Vicksburg Foundation for Historic Preservation                         Back to Home

1107 Washington Street
Vicksburg, Mississippi  39183   
601-636-5010      E-Mail

Nancy Bell, Foundation Executive Director

In any city, there are landmark buildings that contribute to the city’s history, both through the function that they perform and their architecture.  Examples include the downtown YMCA, the Hotel Vicksburg, the Aeolian Apartments, Trustmark National Bank (First National Bank), old Merchant’s National Bank (Piazza-Botto Building), National Park Hotel (Piazza Hotel), Carroll Hotel, Washington Hotel, City Hall, Mississippi River Commission Building (old post office), Warren County Court House, The Old Court House, Joy Theater, Craig-Flowers Home, Jewish Synagogue, and many, many more. 

As we live, we interact daily with these buildings, they become part of us and once gone, there is a little of us that is also gone.  What is important is that a building is gone forever and no one in the future will be able to enjoy or interact with it.  In many ways we have become a throw-away society.  It costs more to fix a VCR than to get a new one.  Unfortunately to some, buildings are often thought of that way as well. 

Oftentimes, rather than put money into a building and adapt it for a new use, we think that new is better and we tear down.  Many times, the lot remains vacant or a new building is built in a design and materials that will not survive the test of time. 

Over the years, there have been a number of catalysts for demolition.  Probably the most significant in terms of number is the Urban Renewal program in the 1970s, when literally hundreds of buildings were demolished in and around the downtown area.  Buildings including the National Park Hotel, Carroll Hotel, Washington Hotel, Masonic Lodge (corner of Washington and Grove), Piazza-Botto Building, and buildings in the entire 1000 block of North Washington Street.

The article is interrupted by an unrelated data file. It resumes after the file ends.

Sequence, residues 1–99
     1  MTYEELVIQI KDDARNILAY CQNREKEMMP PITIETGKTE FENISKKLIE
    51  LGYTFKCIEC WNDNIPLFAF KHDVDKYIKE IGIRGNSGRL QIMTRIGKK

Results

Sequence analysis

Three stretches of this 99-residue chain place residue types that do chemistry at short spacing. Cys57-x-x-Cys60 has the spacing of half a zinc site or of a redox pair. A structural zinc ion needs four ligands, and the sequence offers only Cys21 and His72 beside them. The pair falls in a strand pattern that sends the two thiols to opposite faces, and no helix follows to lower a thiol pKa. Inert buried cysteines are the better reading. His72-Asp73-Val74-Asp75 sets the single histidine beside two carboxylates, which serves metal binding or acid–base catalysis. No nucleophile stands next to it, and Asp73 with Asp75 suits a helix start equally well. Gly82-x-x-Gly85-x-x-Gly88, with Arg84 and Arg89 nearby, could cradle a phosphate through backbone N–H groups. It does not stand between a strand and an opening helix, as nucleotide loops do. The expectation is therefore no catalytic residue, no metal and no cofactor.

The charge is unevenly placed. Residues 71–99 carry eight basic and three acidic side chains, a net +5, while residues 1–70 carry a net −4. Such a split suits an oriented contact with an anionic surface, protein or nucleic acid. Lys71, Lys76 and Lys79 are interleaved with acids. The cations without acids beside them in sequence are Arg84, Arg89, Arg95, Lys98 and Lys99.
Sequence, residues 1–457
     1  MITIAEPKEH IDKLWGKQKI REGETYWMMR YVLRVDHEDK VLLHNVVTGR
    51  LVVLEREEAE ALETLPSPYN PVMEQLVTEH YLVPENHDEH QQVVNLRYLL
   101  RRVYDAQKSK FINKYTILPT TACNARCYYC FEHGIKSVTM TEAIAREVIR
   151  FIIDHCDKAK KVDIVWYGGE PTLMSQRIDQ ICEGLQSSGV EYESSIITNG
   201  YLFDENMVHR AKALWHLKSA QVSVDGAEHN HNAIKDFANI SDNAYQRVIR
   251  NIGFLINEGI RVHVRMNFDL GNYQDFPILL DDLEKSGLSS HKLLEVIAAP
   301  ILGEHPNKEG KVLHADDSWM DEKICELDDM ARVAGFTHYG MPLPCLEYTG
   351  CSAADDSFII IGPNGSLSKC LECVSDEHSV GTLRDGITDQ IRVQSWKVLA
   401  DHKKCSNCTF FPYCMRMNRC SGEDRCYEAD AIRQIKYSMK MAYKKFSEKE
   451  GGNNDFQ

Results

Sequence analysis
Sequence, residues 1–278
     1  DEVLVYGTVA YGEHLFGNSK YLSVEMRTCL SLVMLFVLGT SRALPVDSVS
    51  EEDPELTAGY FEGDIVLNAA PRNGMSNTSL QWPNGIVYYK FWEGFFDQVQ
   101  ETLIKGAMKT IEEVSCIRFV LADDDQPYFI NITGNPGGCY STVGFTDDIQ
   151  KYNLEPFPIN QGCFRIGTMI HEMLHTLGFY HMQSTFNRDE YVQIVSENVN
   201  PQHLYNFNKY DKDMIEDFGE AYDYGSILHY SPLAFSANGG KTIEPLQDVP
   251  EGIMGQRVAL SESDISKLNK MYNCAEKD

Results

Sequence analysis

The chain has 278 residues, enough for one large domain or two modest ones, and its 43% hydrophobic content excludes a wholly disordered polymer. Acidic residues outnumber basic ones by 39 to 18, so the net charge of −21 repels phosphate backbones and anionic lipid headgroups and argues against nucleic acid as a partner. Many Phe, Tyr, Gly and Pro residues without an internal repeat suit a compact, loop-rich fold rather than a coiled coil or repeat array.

Another was the tornado of 1953 which completely destroyed some commercial and residential buildings, damaged or destroyed upper stories of commercial buildings, and damaged some buildings to a point that they were structurally unstable, necessitating their demolition. 

Most important now is demolition for redevelopment instead of adaptive use of the building.  Unfortunately once the building is in disrepair, a simple solution is demolition. 

In our “Vicksburg in Peril” section, we will highlight significant buildings which we believe are threatened with demolition, demolition by neglect or the owner is seeking the opportunity to develop the site.  When you look at the photographs on our site you will get an idea of the wealth of our city in terms of the significant number of buildings that remain. 

You will also note from the photos of buildings that are gone, that our community has lost and continues to lose a significant portion of this collection.  That which has always made Vicksburg unique is its connection with the past, whether it is the National Military Park, the Old Mississippi River Bridge, the Mississippi River, antebellum homes, tree-shaded streets such as Chambers and Drummond lined with historic residences, National and Polk streets with their wealth of 1930s bungalow homes or Farmer and Locust streets with their rich mix of turn-of-the-century architectural styles. 

To us, Vicksburg is a national treasure and we want to do what it takes to keep our remaining historic buildings.  We hope that you will join us in this mission and will become a member, restore a building, encourage your children to appreciate the tangible history that surrounds them, and voice your support for the preservation of our community’s architectural heritage when it is needed. 

Should you have any questions regarding historic preservation or the Foundation, please do not hesitate to call me at 601-636-5010 or email us at 

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